In some cases, it may also be available through the internet, in the Portal of Judicial Auctions of the Portal of the Administration of Justice.
Where applicable, the file will also contain information relating to any goods auctioned.
How Much to Bid at Auction.
If the auction is brought because of an unpaid mortgage it’s generally just these debts and costs incurred. If a valuation has been placed on the property by a Valuer and it includes outstanding debts in effect at the time of the request for a Judicial Auction, these subsisting charges must be deducted from the auction price so the bidder knows what is outstanding from the Creditor bringing the action. You would be liable for the other debts itemised in the Property Register as still standing.
Bid Accepted. Now What?
If your bid is the highest you do not know for certain that you have acquired the Property/Goods until the Court Clerk issues a Resolution which is decreed and approved. Until that point, the debtor can claim back rights to the property by payment in full of the debt outstanding. Where you have underbid (less than 70% or 50% respectively,) and been the highest bid at auction the courts can offer the Debtor and the Creditor the right to raise the price and claim the auctioned property or goods.
If your bid has been successful, but you fail to come up with the money in a set time frame, the other bidders have the right to buy at the price settled at auction by your highest bid. (You have 10 working days to pay in the event of Goods/Chattels and 40 working days for property.) If you don’t put the money together in time you lose your initial stake and the auction is deemed ‘bankrupt auction’.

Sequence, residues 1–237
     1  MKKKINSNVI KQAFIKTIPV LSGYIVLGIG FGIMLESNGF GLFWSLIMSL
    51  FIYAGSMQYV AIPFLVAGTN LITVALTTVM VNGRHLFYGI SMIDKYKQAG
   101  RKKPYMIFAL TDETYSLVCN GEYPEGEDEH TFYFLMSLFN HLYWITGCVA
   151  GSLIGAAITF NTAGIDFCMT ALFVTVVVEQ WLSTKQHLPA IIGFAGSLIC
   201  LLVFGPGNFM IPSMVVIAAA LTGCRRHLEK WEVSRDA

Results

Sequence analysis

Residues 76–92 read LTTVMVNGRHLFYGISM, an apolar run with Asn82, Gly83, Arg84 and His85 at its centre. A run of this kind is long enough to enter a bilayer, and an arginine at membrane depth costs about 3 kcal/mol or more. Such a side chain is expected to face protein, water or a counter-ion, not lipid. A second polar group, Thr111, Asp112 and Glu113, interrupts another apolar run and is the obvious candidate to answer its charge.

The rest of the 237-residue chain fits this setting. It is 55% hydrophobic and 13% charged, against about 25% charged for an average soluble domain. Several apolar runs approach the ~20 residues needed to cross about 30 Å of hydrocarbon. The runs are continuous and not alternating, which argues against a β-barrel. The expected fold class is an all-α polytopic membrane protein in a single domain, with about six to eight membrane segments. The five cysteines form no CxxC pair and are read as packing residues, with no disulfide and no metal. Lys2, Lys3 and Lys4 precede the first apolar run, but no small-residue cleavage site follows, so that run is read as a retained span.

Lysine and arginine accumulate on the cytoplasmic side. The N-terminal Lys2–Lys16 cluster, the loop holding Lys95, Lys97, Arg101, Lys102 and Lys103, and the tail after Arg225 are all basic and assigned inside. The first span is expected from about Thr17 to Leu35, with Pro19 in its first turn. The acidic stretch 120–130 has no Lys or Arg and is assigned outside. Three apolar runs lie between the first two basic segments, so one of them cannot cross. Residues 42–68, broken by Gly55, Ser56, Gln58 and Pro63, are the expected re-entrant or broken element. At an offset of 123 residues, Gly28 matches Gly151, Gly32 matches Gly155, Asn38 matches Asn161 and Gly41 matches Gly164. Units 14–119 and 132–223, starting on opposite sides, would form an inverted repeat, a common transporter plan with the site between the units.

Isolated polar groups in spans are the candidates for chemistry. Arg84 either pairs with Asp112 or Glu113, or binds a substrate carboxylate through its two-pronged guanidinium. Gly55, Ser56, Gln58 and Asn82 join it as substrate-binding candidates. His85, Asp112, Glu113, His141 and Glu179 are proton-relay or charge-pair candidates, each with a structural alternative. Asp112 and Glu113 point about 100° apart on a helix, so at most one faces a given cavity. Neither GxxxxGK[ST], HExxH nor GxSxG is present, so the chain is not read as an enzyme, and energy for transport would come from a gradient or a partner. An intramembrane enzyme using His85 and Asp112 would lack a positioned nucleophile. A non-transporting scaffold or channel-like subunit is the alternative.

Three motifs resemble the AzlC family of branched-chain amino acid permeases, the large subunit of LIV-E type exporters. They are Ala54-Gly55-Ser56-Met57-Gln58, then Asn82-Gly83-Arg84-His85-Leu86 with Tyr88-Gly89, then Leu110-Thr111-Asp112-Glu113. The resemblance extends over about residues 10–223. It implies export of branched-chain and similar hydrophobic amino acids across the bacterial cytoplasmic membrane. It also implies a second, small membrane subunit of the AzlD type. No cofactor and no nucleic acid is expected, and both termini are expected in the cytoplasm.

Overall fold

Transmission of Property and Tax Due from Assignment after Adjudication or Highest Bid
The Creditor bringing the Auction can avoid paying the Property taxes in the event that the property will be assigned by the Creditor to a third party via auction or adjudication. This can be done in the event where the Creditor is the sole bidder and also where there are no bids at all.
Buying at Less than Amount Owed
When you succeed at auction and your bid is less than the amount outstanding against the Creditor who brought then action you are not liable for the outstanding amount. The amount you pay is put towards the Debt and the Creditor then has the right to offset this outstanding amount by going after any other assets the Debtor may have.
There is no pre-requirement of registering ownership in the Land Registry before receiving the property, but you must pay the taxes and it is this that allows the Courts to confirm the purchase and if necessary evict the previous owners. This also allows you to then register the property in your name at the Land Registry.
Always be aware of outstanding Creditors waiting to be paid. That is why they have placed a charge against the property and in so doing have earned the status of Priority Creditor. In the case of a second or third mortgage against the property the Buyer is expected to pay the updated charges including interest. If you consider them to be excessive you can lodge an appeal.
If you think you might like to take part in a Judicial Auction and don’t wish to do it yourself, get in touch to find out more.
Please note this has been based on content redacted and informally translated from Guia nº 5 Subastas Judiciales. TMT Spain has provided no more than an overview and it is not in any way to be relied upon legally.